Sopranos Swan Song?

The Sopranos: Season 4 Analyzed; Week 12

Sopranos Swan Song?

The Sopranos: Season 4 Analyzed; Week 12

Sopranos Swan Song?
Talking television.
Dec. 2 2002 8:21 AM

The Sopranos: Season 4 Analyzed; Week 12

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It was hard for me to find a center in last night's episode, as it seemed more like a patchwork of possible plots setting us up for the 75-minute finale. But if forced to choose one, I agree that Judith has found a fertile target in her comments on Carmela. What surfaced has reared its ugly head before. Carmela's tiffs with Meadow have been comparably mean-spirited over the years, and we've seen periodic episodes of oedipal tension in which Meadow can readily charm her dad before her mother's jealous eyes. Nor is this the first time Carmela has invited trouble from other men. There was the flirtation with Father Phil in the first season and with her wallpaper-hanger during the third.

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What made Carmela especially noteworthy last night however was that her actions—while consistent with her tragic character—seem more desperate and severe. For example, her rebuke of Meadow came in the context of her daughter's overtures of warmth, love, and bonding. It's what she's been waiting for all these years, but she becomes furious at her unwitting daughter for having what she cannot, the possibility of love with a legit guy. This portrayal of self-destruction is also exemplified in her flirting with Furio, one of her husband's workers. Unlike an earlier Carmela with her erstwhile suitors of yesteryear, she has ratcheted up the ante. As Judith notes, this time the game, if played out, would be for keeps. Tony or Furio must die, or one must flee, as Furio (thankfully) does. Carmela, like so many characters on the show, is doomed to do what her personality determines, only more so, and with ever endangering consequences as the vicissitudes of her aging reveal the ultimate dreaded limitation in life.

As to Judith's nomination of Paulie Walnuts for the "funniest psychopath," that's a tough call, with Silvio and certainly Uncle Jun hogging their share of show's best lines. Paulie exhibits a feature common to psychopaths, and that is their lack of very much superego (conscious) supplanted by their excessive ego (reality-oriented perspective) being organized for the pragmatic necessities of the moment. When offering to take his mother's friend to lunch with his mom did nothing to quell her accusing him of robbery, her murder became the next pragmatic step. The real tragic figure was the mother's friend who still saw Paulie in his boyhood shorts and thought that she could call his mommy to have him reprimanded. Talk about your basic lapse in judgment!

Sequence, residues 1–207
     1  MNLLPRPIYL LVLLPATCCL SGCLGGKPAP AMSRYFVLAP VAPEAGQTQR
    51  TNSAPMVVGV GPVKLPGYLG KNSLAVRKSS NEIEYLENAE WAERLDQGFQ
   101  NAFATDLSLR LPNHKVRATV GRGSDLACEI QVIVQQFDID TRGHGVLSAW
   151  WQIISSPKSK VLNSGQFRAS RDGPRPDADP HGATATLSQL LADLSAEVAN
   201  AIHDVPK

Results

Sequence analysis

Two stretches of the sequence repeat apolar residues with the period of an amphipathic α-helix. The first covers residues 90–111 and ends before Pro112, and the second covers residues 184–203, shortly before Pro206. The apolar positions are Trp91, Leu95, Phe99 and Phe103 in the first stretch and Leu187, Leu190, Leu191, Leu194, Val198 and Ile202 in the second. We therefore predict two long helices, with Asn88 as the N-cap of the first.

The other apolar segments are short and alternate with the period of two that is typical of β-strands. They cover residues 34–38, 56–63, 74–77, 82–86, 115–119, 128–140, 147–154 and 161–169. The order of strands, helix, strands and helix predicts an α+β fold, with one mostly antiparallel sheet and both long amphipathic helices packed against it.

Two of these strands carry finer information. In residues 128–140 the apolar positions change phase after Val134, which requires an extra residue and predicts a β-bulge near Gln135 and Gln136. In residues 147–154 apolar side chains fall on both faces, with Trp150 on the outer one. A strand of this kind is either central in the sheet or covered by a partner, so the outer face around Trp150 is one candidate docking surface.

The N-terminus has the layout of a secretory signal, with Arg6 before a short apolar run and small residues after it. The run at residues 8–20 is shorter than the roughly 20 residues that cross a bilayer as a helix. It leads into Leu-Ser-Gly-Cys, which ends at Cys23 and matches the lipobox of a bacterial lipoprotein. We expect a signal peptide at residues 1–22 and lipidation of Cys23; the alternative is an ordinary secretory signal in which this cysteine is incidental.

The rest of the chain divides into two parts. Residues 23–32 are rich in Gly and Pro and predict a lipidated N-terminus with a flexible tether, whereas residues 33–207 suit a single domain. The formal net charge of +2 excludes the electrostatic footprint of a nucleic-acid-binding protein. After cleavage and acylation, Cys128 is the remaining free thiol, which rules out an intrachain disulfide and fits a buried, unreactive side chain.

Two final impressions haunt me. Are we arriving at the end of our romance of The Sopranos? Have the writers achieved their goal, to show that there is nothing more here than hopelessly fixed tragic characters that readily will kill one another in a moment of necessity? Were we lured by our own hunger to believe that they could change for the better, only now to have to face this dismal truth? Finally, will Tony get dispatched in next week's episode and perhaps return in the fifth season in dreams and flashbacks of other characters? The series is winding down, but to what? It seems just the "same old shit" keeps floating back up to the surface, and that in itself is the truest statement Chase and his crew can ultimately leave us with.

Phil

Glen O. Gabbard, M.D., is a professor of psychiatry at Baylor College of Medicine and author of The Psychology of The Sopranos, inspired by this discussion. Philip A. Ringstrom, Ph.D., Psy.D., is a senior faculty member at the Institute of Contemporary Psychoanalysis in Los Angeles. Joel Whitebook, Ph.D., is on the faculty of the Columbia Center for Psychoanalytic Training and Research. Margaret Crastnopol, Ph.D., is on the faculty of the Northwest Center for Psychoanalysis. All are practicing therapists as well. Judith Shulevitz writes the "Close Reader" column for the New York Times Book Review. Jodi Kantor is Slate's New York editor.